Practice what we preach

January 29, 2015


Features Editor  




I am a feminist. I believe in gender equality. I believe in being beautiful and being intelligent, but I do not believe in exploiting those values for recognition.


On Sunday, the annual Miss Universe competition took place featuring 89 contestants.


Paulina Vega, Miss Colombia, was crowned Miss Universe 2015 following a less than stellar answer to her on-stage question.


She was asked by judge Rob Dyrdek, “Probably all of the time people have asked you, what can men learn from women, but I would like to know what can women learn from men?”


She said something along the lines of, “Men who believe in equality should be followed by women.” Even though she did not really answer the question, she propagated a good point.


Some feminists were put off by this question, although I am not completely sure why.


The question itself does not degrade women or depict us as inferior, but it could be argued that the entire competition delineates women negatively.


I am aware of the scholarships awarded to these extraordinarily beautiful titleholders, but it does not eliminate the objectification stemmed in these competitions.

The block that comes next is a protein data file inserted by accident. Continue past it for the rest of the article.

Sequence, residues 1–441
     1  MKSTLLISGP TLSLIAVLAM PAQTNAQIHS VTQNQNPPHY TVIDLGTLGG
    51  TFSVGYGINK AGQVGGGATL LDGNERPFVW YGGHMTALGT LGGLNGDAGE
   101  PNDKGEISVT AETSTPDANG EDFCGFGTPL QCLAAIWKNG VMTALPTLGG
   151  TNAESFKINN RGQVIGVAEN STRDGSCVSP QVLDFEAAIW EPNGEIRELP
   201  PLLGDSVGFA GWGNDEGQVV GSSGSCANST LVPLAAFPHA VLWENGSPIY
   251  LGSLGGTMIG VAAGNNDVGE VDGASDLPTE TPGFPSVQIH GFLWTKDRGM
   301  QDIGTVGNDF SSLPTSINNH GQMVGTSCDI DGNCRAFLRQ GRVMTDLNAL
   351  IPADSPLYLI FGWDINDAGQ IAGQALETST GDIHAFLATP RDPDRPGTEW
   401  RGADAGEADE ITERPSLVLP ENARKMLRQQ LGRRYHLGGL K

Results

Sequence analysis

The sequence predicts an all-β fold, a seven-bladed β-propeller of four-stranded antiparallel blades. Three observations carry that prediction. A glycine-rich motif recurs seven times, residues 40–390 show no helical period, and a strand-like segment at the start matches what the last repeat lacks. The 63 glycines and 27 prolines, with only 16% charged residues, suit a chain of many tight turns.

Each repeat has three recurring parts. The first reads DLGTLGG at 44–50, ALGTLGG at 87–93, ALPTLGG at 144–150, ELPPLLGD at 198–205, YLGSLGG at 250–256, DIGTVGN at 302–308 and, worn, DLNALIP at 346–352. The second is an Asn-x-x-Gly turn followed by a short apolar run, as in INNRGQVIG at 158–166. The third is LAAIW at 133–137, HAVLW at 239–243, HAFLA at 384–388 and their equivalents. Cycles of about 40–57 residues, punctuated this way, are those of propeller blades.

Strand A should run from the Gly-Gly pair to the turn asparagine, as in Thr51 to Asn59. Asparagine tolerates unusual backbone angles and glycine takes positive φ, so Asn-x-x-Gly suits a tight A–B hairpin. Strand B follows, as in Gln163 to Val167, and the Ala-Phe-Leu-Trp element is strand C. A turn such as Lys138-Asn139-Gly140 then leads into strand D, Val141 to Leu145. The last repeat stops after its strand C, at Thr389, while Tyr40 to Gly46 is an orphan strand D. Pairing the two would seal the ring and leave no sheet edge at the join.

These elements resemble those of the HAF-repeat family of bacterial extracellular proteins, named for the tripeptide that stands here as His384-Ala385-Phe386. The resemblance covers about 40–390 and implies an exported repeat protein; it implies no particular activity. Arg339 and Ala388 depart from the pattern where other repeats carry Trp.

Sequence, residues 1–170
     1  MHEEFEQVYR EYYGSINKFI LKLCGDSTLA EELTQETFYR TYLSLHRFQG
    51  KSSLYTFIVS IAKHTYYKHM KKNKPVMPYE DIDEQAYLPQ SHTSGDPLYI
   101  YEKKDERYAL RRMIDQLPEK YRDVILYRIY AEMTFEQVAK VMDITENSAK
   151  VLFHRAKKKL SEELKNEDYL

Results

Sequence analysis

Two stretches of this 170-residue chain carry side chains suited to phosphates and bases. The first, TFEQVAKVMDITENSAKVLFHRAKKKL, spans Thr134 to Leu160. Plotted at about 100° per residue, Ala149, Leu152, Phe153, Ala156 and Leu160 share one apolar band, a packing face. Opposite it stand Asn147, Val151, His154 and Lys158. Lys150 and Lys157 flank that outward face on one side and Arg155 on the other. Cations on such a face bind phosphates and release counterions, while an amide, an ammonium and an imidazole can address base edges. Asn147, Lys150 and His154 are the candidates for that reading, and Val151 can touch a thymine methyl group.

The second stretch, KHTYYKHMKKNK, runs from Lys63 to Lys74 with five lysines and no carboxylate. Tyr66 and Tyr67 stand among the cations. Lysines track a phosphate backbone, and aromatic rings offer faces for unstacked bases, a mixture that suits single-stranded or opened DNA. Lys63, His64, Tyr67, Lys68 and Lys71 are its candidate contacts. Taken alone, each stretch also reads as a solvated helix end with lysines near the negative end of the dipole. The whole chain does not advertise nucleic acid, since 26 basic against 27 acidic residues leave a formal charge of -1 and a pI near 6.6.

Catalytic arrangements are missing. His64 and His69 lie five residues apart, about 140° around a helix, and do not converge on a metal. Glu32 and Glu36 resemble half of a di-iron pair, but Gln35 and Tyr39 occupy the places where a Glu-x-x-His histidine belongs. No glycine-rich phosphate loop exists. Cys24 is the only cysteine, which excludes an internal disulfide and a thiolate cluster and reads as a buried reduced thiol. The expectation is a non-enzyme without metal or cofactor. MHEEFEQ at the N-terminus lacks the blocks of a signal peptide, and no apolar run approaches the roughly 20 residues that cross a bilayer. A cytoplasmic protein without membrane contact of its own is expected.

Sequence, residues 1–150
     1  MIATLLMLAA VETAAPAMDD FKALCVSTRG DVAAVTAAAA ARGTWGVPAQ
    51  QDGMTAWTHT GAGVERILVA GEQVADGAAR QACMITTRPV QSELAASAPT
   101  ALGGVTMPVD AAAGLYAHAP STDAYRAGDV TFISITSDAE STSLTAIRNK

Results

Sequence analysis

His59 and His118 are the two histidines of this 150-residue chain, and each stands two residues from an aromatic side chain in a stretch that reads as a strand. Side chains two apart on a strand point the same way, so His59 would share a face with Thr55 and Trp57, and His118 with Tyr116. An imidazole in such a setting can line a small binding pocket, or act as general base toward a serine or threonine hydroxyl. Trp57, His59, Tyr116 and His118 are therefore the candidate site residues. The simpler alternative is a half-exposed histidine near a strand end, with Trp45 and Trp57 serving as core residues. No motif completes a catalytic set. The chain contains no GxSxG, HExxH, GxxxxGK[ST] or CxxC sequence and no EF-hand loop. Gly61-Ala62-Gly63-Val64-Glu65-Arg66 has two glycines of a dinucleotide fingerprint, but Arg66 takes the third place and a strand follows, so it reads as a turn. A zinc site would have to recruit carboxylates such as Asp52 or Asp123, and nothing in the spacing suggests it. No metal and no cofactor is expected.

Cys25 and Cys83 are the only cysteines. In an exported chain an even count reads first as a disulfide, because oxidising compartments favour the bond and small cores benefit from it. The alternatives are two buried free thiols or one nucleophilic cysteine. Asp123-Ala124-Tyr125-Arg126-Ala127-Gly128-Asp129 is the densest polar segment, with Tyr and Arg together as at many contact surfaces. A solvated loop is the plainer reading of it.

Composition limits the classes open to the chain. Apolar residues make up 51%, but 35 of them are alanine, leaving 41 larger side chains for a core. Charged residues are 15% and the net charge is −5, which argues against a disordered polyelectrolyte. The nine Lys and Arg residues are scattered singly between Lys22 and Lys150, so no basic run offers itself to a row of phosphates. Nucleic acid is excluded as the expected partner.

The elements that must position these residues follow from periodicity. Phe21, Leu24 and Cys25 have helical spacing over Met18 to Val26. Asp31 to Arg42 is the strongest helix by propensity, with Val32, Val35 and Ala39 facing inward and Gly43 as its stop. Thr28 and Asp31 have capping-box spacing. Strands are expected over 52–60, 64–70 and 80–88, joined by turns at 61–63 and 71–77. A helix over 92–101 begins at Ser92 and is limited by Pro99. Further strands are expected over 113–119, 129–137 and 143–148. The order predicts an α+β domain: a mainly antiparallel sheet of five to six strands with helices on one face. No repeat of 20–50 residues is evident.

Women are awarded money for parading on stage in a formal gown (that would take a student loan to pay for), a bikini (that is supposed to be representative of a healthy lifestyle) and they must perform a talent (to perfection to avoid humiliation); not to forget the on-stage question, philanthropic platform and preliminary interview, all set in place to showcase beauty, intelligence and service.


During performance in all of these categories, women are being dehumanized and exscinded, while a panel of judges analyzes their flaws to determine who is more perfect.


Why is it that we encourage young girls to be confident, and unconcerned for their physical appearance because it is said that personality that matters, if we are going to allow them to witness young adults winning monetary prizes in the disguise of scholarships for doing exactly that?


A professor from Florida International University, this year’s host for Miss Universe, said we need to “unlearn the messages sent about women by society…that they are not to be judged by their looks and that it is fine to treat them as objects for men’s fantasies.”


The feminist issue does not lie in Dyrdek’s question, but in the event in which his question was asked.


If we are going to preach it, we need to teach it.


Kelsy Kershaw is a senior journalism and fashion merchandising and retail studies major from Jennings Email comments to kjk016@latech.edu.


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